Asia report: Markets rise on premature trade optimism
Markets in Asia were in the green on Monday, with sentiment on the up as investors digested the latest developments on the US-China trade front.
In Japan, markets were closed for the Health and Sports Day holiday, as the yen strengthened 0.03% against the dollar to last trade at JPY 108.26.
On the mainland, the Shanghai Composite was 1.15% higher at 3,007.88, and the smaller, technology-heavy Shenzhen Composite was 1.43% firmer at 1,660.33.
In fresh data out of China, imports and exports came in worse than expected for September, with exports down 3.2% year-on-year in dollar-denominated terms, and imports behind 8.5%.
The country’s total trade balance for the month was reported to be $39.65bn.
South Korea’s Kospi rose 1.11% to 2,067.40, while the Hang Seng Index in Hong Kong was up 0.81% at 26,521.85.
Both of the blue-chip technology stocks were higher in Seoul, with Samsung Electronics up 1.73% and SK Hynix rising 0.63%.
Samsung’s gains came after the firm issued third-quarter guidance last week, telling shareholders it was expecting profits to be slightly better than market expectations.
Optimism on US-China trade was boosted by comments from US Treasury Secretary Steven Mnuchin on Friday that the planned increase in tariffs on $250bn of Chinese imports, to 30% from 25%, would not go ahead on 15 October.
That itself came after US President Donald Trump said that the two economic superpowers had agreed to a “very substantial phase one deal”, which covered American concerns around financial services and intellectual property.
It also reportedly included the purchase of between $40bn and $50bn of US agricultural products by China.
However, it emerged after Asian markets closed that China was keen to hold further talks with the US before signing the deal.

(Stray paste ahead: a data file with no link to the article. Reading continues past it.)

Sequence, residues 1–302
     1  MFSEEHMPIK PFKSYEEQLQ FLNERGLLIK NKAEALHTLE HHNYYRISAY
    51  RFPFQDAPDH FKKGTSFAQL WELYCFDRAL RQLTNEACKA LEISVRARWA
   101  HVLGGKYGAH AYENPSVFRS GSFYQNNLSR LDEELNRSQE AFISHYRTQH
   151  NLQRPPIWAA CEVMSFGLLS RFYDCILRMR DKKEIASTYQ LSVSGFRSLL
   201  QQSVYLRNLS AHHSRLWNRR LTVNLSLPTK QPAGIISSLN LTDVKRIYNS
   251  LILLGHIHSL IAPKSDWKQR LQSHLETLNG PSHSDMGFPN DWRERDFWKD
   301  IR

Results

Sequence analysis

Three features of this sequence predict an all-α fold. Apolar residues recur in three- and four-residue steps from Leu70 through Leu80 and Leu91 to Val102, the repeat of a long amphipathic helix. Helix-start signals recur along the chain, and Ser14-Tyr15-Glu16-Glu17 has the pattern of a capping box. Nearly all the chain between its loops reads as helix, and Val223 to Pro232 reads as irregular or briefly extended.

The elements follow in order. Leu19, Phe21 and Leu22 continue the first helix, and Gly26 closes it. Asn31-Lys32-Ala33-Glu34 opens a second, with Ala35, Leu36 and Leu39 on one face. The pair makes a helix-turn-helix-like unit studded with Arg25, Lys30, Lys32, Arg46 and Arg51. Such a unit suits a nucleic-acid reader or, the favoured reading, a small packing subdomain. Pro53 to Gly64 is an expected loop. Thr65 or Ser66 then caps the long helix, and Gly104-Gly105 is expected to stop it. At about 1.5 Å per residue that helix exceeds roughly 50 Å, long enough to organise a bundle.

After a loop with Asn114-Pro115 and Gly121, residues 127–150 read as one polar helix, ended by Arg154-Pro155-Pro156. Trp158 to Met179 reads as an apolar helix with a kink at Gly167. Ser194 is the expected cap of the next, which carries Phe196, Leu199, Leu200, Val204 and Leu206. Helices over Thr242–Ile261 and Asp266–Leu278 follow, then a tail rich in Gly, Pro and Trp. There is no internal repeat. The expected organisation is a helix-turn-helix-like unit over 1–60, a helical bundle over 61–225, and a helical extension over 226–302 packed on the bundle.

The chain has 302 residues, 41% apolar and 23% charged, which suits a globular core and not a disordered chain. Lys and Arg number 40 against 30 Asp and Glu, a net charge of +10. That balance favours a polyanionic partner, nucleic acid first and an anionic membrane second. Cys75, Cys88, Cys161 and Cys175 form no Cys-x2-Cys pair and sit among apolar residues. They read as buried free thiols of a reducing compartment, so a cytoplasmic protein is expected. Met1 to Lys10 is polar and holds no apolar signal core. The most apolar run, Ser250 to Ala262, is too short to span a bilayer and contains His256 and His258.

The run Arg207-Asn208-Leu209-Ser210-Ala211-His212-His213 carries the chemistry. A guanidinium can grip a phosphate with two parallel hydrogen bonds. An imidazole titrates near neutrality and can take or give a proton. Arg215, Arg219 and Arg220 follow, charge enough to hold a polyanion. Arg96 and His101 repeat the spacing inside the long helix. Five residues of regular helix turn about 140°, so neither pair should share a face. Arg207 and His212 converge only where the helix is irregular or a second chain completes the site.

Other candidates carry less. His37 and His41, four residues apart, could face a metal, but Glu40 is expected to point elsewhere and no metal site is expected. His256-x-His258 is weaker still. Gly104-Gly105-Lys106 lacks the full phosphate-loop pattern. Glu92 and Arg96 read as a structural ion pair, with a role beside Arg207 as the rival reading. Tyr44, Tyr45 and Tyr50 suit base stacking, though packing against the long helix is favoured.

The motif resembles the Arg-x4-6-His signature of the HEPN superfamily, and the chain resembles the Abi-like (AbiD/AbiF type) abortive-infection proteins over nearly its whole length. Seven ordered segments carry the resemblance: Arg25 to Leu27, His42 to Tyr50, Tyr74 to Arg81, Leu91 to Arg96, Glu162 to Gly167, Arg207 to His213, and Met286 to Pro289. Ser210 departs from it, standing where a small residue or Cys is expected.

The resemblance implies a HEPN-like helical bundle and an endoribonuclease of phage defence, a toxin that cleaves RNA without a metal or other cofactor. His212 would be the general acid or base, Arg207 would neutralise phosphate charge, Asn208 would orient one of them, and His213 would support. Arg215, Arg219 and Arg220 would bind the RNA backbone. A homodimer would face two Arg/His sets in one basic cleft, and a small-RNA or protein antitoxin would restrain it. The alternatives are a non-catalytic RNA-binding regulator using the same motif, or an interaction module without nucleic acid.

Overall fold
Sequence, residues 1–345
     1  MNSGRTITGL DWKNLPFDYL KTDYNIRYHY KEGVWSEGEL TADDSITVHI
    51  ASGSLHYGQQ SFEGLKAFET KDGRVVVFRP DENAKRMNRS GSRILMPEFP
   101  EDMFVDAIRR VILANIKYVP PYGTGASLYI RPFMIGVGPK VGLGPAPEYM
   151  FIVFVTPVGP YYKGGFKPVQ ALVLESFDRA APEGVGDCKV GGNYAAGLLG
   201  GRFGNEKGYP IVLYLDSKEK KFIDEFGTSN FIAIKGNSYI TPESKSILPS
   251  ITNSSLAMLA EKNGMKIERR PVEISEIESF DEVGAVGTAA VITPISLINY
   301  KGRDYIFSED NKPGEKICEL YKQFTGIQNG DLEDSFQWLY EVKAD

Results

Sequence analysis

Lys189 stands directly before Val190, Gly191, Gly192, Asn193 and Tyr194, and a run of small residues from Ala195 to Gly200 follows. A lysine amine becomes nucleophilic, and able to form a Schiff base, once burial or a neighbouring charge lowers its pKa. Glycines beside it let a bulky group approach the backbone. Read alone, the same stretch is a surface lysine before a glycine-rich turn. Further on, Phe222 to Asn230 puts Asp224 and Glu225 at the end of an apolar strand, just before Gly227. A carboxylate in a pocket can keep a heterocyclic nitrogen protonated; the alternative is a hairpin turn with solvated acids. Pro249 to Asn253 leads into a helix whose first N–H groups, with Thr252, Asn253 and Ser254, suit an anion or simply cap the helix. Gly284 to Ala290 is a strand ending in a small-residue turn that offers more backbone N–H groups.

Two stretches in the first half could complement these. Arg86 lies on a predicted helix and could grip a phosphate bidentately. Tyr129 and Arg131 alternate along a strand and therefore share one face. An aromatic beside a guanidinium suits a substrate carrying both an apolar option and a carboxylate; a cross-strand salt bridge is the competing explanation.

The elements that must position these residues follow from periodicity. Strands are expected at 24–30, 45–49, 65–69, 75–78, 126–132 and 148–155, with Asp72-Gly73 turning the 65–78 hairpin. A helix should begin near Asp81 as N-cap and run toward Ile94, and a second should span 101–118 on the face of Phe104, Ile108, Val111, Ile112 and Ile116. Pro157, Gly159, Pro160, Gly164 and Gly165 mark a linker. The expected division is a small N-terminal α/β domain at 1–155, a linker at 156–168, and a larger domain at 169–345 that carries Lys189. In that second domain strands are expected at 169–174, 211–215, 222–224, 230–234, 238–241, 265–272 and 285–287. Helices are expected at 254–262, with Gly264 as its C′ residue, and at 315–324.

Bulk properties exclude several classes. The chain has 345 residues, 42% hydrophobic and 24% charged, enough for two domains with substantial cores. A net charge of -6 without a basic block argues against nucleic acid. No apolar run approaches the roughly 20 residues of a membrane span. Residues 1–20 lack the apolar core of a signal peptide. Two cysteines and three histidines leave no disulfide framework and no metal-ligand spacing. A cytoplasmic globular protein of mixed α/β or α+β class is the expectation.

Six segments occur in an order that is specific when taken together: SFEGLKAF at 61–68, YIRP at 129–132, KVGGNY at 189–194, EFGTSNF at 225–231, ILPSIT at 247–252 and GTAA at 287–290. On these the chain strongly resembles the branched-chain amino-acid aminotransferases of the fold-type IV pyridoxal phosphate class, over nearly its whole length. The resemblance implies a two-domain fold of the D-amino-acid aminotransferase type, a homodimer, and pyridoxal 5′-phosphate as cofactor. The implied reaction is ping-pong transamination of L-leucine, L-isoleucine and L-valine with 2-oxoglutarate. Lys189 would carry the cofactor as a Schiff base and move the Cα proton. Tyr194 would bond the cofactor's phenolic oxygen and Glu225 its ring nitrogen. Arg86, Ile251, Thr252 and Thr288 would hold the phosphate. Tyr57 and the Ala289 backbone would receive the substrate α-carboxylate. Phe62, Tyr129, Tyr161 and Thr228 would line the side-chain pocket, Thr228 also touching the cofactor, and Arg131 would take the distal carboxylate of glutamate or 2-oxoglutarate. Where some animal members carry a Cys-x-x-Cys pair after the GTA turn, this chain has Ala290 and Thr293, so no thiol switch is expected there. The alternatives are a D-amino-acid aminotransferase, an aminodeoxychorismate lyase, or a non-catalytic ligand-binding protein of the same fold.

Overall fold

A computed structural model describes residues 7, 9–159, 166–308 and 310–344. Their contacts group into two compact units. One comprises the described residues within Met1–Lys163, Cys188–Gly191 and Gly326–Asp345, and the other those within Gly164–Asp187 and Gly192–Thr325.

Bloomberg cited people familiar with the matter as saying that China wants more talks with the US as soon as the end of October to hammer out the details of the deal before president Xi Jinping agrees to sign it.
“The deal itself was fairly underwhelming when announced late on Friday with an increase in agricultural purchases and the avoidance of a marginal increase in the rate of levies seen as the bare minimum expected from the markets,” said David Cheetham, chief market analyst at XTB.
“The failure to even get this agreed upon is worrying and seeing as this is 'phase one' of Trump’s self- proclaimed big deal, there are now serious doubts as to whether phases two and three will ever even get off the ground.”
Oil prices were weaker as the region went to bed, with Brent crude last down 1.92% at $59.37 per barrel, and West Texas Intermediate off 2.13% at $53.56.
In Australia, the S&P/ASX 200 managed gains of 0.54% to 6,642.60, with the hefty financials subindex ahead 0.65% as the country’s so-called ‘big four’ banks gained.
Australia and New Zealand Banking Group was 0.65% firmer, Commonwealth Bank of Australia added 0.38%, National Australia Bank was 0.57% higher, and Westpac Banking Corporation rose 0.52%.
Across the Tasman Sea, New Zealand’s S&P/NZX 50 was ahead 0.3% at 10,923.71, with subscription broadcaster Sky - not related to its London-based namesake - recovering from its Friday slump, adding 1.1%.
That came amid rumours that Sky was close to securing a deal with New Zealand Rugby to keep its lucrative broadcasting rights until 2025, in a cash-and-equity deal with the sport’s governing body.
Its stock had weakened on Friday, after it emerged that the broadcaster had lost the rights to broadcast domestic cricket.
Both of the down under dollars were weaker on the greenback, with the Aussie last off 0.52% at AUD 1.4801, and the Kiwi retreating 0.77% to NZD 1.5896.